“Jake was the alternate,” Ronnie said. “Remember that creepy, twitchy blond kid ... Eric something?”

“Eric Weaver,” David supplied flatly.

“Yeah, that’s the one. He was originally the fourth member of the team, but then he got arrested for some shady pyramid scheme shit and Jake took his place. Now Jake is incapacitated, the Olympics are in a week, and Swimming Canada is scrambling to find somebody to fill in. Gwen Currie called me earlier today and asked if you could do it since you’re only competing in two other events this year and you’ve done the 200 in the past, and I said yes. Despite the revolving fourth man, the team is a favorite to win this year, you know. You could add another medal to your collection.”

David scoffed. “Nobody even cares about team medals, Ronnie. Especially team medals you might win by working with Patrick fucking Brewer. So you can respectfully tell Gwen Currie from Swimming Canada to fuck right off.” He crossed his arms tightly across his chest and fixed her with what he hoped was a firm glare.

Ronnie shook her head. “David, I’ve been your coach for over fifteen years. I helped shape you into the swimmer you are today. I’ve been by your side through every triumph and failure. I spend more time with you than anybody else on the planet, parents and sister included.”

“Not exactly a high bar to clear,” David muttered.

“So,” Ronnie continued as though she hadn’t heard David’s gripe, “I think I of all people have earned the right to tell you to fucking get over yourself and swim the damn 4 x 200 with Patrick fucking Brewer.”

David just gaped at Ronnie. True, Ronnie had never been one to mince words or make any attempt to spare David’s feelings, but something—probably the buckets of money that found their way into her bank account courtesy of David’s parents—had always held her back from berating David so directly. David suspected the fact that their professional relationship was nearing its end might have loosened her tongue a bit. Neither of them had openly acknowledged it, but they both knew the Tokyo Olympics would be David’s last. He was in his early thirties now, and while he obviously wasn’t eligible for senior discounts yet, he didn’t have much left in him to compete against increasingly strong and fast eighteen year olds.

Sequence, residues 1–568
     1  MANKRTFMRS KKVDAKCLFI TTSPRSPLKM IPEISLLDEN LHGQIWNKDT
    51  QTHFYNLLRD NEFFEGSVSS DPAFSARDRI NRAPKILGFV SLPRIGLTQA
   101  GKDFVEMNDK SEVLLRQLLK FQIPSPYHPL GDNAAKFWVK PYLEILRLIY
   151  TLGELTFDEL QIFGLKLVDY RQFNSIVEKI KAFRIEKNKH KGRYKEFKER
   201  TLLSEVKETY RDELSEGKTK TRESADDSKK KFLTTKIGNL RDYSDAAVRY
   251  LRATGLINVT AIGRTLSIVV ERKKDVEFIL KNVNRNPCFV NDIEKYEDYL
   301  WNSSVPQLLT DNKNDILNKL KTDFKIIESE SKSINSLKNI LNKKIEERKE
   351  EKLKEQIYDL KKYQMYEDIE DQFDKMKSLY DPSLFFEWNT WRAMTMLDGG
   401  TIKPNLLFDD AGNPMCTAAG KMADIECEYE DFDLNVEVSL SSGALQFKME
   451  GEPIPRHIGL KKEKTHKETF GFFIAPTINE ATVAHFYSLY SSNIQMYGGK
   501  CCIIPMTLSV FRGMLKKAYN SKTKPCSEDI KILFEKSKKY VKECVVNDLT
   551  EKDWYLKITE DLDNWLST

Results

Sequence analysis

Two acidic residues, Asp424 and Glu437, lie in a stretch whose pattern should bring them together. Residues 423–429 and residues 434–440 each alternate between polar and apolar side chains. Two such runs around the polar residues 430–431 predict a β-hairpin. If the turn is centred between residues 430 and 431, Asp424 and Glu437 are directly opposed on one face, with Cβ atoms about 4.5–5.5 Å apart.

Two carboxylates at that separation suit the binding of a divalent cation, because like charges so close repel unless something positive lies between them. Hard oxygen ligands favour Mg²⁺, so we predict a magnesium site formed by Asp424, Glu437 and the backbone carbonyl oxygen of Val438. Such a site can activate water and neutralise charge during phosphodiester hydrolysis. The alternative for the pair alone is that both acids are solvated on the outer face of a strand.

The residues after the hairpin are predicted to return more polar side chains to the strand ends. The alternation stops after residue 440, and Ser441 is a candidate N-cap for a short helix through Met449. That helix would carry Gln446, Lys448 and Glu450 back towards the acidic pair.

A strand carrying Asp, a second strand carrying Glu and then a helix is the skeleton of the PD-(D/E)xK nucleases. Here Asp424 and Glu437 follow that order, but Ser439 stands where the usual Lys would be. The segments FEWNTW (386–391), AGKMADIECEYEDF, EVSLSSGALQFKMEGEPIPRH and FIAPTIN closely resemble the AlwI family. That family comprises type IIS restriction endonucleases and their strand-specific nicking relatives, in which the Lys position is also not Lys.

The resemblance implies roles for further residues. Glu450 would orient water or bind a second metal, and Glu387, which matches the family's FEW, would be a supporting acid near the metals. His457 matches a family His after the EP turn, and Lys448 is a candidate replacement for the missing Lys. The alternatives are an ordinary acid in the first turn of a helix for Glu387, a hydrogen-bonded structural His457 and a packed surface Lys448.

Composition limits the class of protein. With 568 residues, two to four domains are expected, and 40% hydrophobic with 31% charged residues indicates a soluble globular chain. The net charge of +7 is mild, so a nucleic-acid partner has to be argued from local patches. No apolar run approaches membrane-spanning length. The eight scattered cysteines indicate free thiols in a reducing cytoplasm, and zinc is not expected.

David knew he was no Michael Phelps, but he’d managed to secure a few bronzes and a couple silvers in past Olympic games and a singular gold from World’s. Nobody was making calendars of him or anything—to his knowledge at least—or lauding him as a superathlete who has changed swimming as the world knows it, but in those few quiet moments when he let go of all his self-deprecation and doubt, he could admit to himself—but obviously never to anybody else—that he was proud of his accomplishments.

David heaved a deep sigh, reluctantly admitting to himself that swimming the 4 x 200 as a little swan song wouldn’t be the worst way to end his swimming career, even if that meant having to interact with Patrick Brewer. “I know you already told me,” he said, anticipating Ronnie’s next jab, “but who else would I be swimming with?”

Ronnie smiled, knowing she’d won him over. “It’s a great lineup, David, really. Patrick Brewer, as you already know, plus Ted Mullins and, god help him if this is really the name his mama gave him, Mutt Schitt.”